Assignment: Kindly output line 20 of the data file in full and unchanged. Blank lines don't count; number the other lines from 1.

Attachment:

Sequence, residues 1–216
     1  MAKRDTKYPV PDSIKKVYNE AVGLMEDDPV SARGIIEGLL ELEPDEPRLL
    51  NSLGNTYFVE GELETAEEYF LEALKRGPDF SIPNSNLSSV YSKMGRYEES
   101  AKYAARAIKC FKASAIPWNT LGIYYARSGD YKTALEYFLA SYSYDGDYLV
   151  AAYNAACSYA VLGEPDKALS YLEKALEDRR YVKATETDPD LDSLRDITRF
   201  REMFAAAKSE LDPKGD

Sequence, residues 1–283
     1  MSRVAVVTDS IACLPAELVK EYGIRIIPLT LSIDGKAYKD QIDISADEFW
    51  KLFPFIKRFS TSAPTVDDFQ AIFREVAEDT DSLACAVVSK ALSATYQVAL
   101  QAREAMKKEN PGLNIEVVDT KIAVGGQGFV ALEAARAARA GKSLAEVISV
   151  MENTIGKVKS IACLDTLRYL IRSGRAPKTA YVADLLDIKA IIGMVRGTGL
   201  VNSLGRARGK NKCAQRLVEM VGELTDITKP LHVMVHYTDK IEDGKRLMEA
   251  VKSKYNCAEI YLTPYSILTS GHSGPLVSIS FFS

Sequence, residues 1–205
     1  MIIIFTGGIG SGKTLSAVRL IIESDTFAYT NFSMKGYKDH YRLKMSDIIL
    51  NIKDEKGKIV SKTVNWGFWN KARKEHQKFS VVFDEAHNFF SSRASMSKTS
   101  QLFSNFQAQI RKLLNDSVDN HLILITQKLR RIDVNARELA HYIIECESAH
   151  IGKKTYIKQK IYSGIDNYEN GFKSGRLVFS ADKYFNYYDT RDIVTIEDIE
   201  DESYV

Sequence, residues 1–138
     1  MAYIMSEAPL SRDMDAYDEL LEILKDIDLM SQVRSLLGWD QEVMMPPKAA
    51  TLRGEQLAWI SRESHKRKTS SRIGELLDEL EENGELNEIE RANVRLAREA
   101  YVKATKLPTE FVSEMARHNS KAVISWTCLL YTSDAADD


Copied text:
Sequence, residues 1–138